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Positives and negatives: Queens Park Rangers 0-2 Fulham

Written by Cameron Ramsey on 4th April 2022

Cam looks at all the talking points from yet another derby day victory, and perhaps our most important one to date.

A brave, somewhat stupid man sat in the home end in a Fulham shirt and he was elbowed in the face. Pyros are now a formality of following the Whites away. Hugo Oliveira’s first touch is a thing of beauty. Loftus Road is a shed. Marco Silva’s table toppers made the short trip across West London to shithouse Mark Warbuton’s Queens Park Rangers and we’re thrilled to announce that it happened again. QPR losing to Fulham without a whimper, it happened again.

The Hoops haven’t gained three points against the boys by the river since October 2016, a league run that spans 7 Championship meetings and they’ve tasted defeat in the last 5 consecutive fixtures. There are levels to this game and as it always has been, QPR are irrelevant. Chelsea got a twatting from the best Sunday League side in Hounslow, Fulham reacted supremely following a few shaky performances, all is well on the bright side of SW6 once more and now, we look ahead to Wednesday. 24 points to play for. Let’s get it done.


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Mitro’s back at it

Prior to the March international break, Aleksandar Mitrovic cut a jaded figure up top, forlorn, disinterested, although the Championship’s chief bagsman returned to club matters with an impactful brace to silence an already muted home support. Initially, Mitro’s involvement was relatively subdued, however the cold-blooded executioner was merely warming to the occasion, heavy touches tightened up and his ominous presence soon paid dividends. Rob Dickie masquerades as a solid centre-half, a shambolic imposter, and his subservience was soon compounded by Aleksandar, who asserted an offensive intelligence QPR’s defensive line couldn’t withstand. Fabio Carvalho picked out Mitro perfectly for the game’s opener, the Serb’s simplistically effective movement across the 6-yard box was all too complex for the hosts to detect and as the game progressed, his piss-boiling expertise took centre stage.

A cocksure Mitro tends to write his own headlines, he’s a showman compelled to entertain the masses and in a game where emotions could’ve flared, Mitro was in his element. From press-ups on the touch line to overly-invested physical confrontations, the 27-year-old was relishing every minute of his fruitful afternoon in Shepherd’s Bush and with a maniacal grin, spurred on by an expectant away following, he dispatched his 37th goal of the campaign from the spot without remorse. A lengthy pause didn’t distract the striker’s focus, and as he rattled low into the bottom left, the School End exploded. Revelling in the aftermath, arms aloft, Mitro had set the record straight, with Guy Whittingham’s haul of 42 in his line of vision. This could very well be the beginning of another red-hot streak for Mitro, and in the next 8 games, we could witness an influx of goals that etches his name into Fulham and Championship folklore indefinitely.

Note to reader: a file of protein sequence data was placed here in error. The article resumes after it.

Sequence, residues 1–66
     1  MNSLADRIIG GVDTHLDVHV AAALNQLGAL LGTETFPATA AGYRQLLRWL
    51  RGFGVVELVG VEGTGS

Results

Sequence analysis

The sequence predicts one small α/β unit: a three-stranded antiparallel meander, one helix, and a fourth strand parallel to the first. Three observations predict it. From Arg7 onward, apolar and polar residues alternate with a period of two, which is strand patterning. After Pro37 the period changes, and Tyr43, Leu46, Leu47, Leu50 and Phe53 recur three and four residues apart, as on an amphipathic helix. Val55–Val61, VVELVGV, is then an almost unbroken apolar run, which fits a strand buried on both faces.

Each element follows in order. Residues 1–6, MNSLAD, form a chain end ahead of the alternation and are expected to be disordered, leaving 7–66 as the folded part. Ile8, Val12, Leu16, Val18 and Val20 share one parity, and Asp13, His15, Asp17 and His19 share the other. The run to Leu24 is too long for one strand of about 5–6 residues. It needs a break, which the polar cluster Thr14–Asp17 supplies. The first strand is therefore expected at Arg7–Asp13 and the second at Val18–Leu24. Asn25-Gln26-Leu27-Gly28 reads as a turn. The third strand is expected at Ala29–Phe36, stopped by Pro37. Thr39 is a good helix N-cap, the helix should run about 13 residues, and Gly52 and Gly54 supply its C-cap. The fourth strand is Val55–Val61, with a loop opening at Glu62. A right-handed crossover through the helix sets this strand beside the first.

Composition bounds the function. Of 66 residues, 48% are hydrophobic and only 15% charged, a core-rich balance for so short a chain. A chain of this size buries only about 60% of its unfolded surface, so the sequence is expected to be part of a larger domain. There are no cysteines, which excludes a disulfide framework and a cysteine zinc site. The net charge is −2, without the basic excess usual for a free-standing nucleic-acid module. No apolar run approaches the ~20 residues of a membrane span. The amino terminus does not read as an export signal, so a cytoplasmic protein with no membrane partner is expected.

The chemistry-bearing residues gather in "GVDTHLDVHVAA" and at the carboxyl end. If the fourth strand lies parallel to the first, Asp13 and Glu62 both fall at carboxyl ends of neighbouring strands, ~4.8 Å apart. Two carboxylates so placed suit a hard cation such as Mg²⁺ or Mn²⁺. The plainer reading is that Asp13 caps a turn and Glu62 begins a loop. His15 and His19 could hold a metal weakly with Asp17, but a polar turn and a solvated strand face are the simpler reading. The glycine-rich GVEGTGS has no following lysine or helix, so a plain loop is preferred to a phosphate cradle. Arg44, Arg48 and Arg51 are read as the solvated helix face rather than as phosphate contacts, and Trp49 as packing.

Harnessing Harrison Reed

Competing against Harrison Reed’s persistence must be an undesirable chore for opposing midfielders. With a heat-map that blanketed the entire playing surface, Reed was a standalone highway interceptor, pulling rogue runners into the hard shoulder to restore law and order. It’s actually exhausting watching him dart from one checkpoint to the next, but it’s light work for an engine of his supercharged capacity and the Hoops’ 3-cylinder equivalents simply couldn’t escape his enforcement.

Harnessing Harrison’s non-stop specialties has been a strategic mission for Silva. His energy is unrivalled, Marco’s experimented with Reed’s primary objectives, alternating between a holding No.6 and a more advanced No.8, and we’re reaping the rewards. He isn’t astoundingly productive, he still hasn’t notched his first goal for the club as yet, but that’s not why’s he’s deployed. There aren’t many players in the modern game that safeguard as intently as Reed, he’s endearingly known as our Ginger Iniesta and honestly, I believe he could put in a serious shift in FC Barcelona’s star-studded midfield today, and he’d accumulate resounding 8/10s every week, too. His efforts regularly fly under the radar because he does the basics so naturally, whilst being ridiculously technical, and it’s that blend of modesty and intricacy that is so, so invaluable.